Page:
S. Brian Willson
S. Brian Willson (born July 4, 1941) is an American Vietnam veteran, peace activist, and attorney-at-law. Willson served in the US Air Force from 1966 to 1970, including several months as a combat security officer in Vietnam. He left the Air Force as a Captain. He subsequently became a member of Vietnam Veterans Against the War and Veterans For Peace (Humboldt Bay Chapter 56, California). Upon completion of Law School at American University in Washington, D.C., he became a member of the District of Columbia Bar. As a trained lawyer and writer, he has documented U.S. policy in nearly two dozen countries. Since 1986, Willson has studied on-site policies in a number of countries, among them Nicaragua, El Salvador, Honduras, Panama, Brazil, Argentina, Mexico, Colombia, Ecuador, Cuba, Haiti, Iraq, Israel (and Palestinian territories), Japan, and Korea, both North and South. Documenting the pattern of policies that he says "violate U.S. Constitutional and international laws prohibiting aggression and war crimes," Willson has been an educator and activist, teaching about the dangers of these policies. He has participated in lengthy fasts, actions of nonviolent civil disobedience, and tax refusal along with voluntary simplicity.
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[Global Research Editor’s note: This article by Vietnam War Veteran, author and peace activist Brian Willson was first published by Global Research in 2002. It outlines, what most people in America do not know  and which is particularly relevant in assessing the alleged “threats” of North Korea to global security.  North Korea lost thirty percent of its population […]

As we again plan to celebrate what US “Americans” call Thanksgiving, let us pause for a moment of reflection. Let us recognize that accounts of the first Thanksgiving are mythological, and that the holiday is actually a grotesque celebration of our arrogant ethnocentrism built on genocide. Native Americans in the Caribbean greeted their 1492 European […]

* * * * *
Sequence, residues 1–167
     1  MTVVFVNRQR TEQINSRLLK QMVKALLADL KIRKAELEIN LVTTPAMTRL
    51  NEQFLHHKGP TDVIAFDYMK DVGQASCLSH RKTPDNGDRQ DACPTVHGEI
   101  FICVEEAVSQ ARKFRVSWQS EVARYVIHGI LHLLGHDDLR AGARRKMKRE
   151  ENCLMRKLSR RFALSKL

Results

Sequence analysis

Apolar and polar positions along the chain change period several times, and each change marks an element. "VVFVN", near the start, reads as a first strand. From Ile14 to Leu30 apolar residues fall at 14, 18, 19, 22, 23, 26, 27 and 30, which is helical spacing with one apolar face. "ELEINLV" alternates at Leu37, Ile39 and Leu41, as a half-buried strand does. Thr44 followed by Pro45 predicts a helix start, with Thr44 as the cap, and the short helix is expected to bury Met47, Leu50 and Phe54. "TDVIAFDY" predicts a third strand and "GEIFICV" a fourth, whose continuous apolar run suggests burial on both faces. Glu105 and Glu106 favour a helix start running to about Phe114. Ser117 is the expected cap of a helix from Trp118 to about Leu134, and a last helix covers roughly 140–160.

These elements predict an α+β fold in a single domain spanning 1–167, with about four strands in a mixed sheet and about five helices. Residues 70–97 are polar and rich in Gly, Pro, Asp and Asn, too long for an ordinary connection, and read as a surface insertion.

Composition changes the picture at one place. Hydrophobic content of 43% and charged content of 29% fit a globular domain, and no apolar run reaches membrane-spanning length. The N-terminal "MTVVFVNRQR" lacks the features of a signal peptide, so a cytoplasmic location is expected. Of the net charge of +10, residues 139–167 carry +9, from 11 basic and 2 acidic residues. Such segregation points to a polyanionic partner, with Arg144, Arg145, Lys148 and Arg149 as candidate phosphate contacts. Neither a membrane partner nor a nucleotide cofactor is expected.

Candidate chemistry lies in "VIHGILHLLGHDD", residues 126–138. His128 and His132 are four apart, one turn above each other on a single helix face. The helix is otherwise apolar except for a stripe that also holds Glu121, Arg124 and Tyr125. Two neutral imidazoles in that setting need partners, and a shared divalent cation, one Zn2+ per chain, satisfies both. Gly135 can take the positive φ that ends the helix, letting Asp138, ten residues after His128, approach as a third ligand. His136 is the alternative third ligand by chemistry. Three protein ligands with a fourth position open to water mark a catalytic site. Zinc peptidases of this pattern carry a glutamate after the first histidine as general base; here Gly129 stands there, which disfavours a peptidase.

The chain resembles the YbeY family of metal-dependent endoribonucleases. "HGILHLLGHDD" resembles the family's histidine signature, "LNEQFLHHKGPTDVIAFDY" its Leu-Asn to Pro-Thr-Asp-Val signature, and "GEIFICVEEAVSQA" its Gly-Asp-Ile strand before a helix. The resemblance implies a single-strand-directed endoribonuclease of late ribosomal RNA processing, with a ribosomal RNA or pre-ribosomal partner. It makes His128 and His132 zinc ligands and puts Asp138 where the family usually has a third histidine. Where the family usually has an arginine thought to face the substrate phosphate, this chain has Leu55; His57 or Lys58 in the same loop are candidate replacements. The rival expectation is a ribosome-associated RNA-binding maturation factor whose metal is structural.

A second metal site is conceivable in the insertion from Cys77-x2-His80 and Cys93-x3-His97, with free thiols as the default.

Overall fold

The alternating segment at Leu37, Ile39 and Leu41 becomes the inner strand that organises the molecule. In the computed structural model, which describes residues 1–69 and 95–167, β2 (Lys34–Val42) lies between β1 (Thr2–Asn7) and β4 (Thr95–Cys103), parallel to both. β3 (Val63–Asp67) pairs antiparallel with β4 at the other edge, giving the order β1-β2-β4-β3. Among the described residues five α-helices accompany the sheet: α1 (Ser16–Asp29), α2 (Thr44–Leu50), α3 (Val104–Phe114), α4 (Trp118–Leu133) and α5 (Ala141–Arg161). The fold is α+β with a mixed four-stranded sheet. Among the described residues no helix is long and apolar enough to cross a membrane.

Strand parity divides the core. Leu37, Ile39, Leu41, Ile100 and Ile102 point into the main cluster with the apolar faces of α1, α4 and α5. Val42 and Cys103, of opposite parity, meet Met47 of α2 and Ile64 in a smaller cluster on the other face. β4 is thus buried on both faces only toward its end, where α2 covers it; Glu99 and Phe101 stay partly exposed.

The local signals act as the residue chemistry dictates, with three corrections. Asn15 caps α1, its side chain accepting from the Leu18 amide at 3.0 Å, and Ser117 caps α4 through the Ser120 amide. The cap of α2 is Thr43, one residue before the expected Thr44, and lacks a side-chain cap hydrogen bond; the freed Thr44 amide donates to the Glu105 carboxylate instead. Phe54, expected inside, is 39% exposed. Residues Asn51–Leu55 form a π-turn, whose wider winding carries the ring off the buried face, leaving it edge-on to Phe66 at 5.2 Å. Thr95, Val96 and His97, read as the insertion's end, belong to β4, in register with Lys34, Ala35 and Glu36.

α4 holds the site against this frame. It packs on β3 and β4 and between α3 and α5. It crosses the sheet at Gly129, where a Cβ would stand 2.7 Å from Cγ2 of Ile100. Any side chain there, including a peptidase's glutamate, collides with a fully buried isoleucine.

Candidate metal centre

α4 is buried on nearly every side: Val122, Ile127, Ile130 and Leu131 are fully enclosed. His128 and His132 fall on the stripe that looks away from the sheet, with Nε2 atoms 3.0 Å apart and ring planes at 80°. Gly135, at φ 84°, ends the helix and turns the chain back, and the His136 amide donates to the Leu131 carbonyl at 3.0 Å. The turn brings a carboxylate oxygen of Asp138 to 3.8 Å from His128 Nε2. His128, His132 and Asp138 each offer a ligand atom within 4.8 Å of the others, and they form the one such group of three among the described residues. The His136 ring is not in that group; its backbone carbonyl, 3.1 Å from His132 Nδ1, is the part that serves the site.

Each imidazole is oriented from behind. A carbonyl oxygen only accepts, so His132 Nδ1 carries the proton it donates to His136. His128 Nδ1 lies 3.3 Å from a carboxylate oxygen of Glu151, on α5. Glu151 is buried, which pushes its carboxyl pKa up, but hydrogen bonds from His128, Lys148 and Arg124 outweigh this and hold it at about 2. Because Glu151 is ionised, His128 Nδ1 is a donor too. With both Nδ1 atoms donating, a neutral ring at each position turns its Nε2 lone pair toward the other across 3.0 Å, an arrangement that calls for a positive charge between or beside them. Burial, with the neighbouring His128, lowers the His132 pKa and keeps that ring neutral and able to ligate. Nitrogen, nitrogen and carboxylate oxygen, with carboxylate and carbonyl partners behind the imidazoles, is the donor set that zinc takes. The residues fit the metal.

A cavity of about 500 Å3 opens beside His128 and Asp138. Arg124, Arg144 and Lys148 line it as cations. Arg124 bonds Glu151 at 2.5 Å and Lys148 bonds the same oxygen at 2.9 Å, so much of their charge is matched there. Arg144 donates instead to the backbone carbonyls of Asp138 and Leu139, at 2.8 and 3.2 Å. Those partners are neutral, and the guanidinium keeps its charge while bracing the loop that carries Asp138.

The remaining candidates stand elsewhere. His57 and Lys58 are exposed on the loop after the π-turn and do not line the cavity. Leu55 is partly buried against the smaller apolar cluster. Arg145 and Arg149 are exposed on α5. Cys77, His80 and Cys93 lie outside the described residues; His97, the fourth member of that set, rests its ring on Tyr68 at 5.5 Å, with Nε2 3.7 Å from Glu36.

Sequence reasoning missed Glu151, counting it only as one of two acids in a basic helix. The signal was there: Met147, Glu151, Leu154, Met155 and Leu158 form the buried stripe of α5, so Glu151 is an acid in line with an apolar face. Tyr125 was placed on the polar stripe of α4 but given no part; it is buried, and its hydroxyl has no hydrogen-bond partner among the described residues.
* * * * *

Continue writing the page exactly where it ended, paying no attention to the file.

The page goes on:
The Defining and Enabling Experience of Our “Civilization”

As we again plan to celebrate what US “Americans”call Thanksgiving, let us pause for a moment of reflection. Let us recognize that accounts of the first Thanksgiving are mythological, and that the holiday is actually a grotesque celebration of our arrogant ethnocentrism built on genocide. Native Americans in the Caribbean greeted their 1492 European invaders with warm hospitality. They were so innocent that Genoan Cristoforo Colombo wrote in his log, They willingly traded everything they owned . . . They do not bear arms . . . They would make fine servants . . . They could easily be made Christians . . . With fifty men we could subjugate them all and make them do whatever we want. This meeting set in motion a 500+-year plunder of the Western Hemisphere, which then spread to the remainder of the globe. And it has not stopped!

Thursday, May 16th, 3:00 PM In Front of The City Hall in Portland, Oregon Look for a Large Colorful Banner and People Wearing Prison-Style Orange Jumpsuits. Questions Contact Dan Shea at: 503-750-7649 Seventy-one-year-old S. Brian Willson, a Viet Nam veteran member of Veterans For Peace, Portland Chapter 72, beginning Sunday, May 12 reduced his food intake […]

The U.S. decision to artificially divide an ancient homogenous Korea upon the surrender of the Japanese, August 15, 1945, and the subsequent U.S.-directed reign of terror, 1945-1948, that led directly to the war of national independence against western imperialist intervention, 1948-1950, and then, consequently, the hot war, 1950-1953, to be followed by extensive periods of military dictatorships until 1997 supported by the U.S. government, surely must rank as one of the cruelest tragedies of the Twentieth Century. This is virtually unknown history in the West, and today’s issues relating to Korea cannot be understood without knowing this diabolical assault on the Korean soul.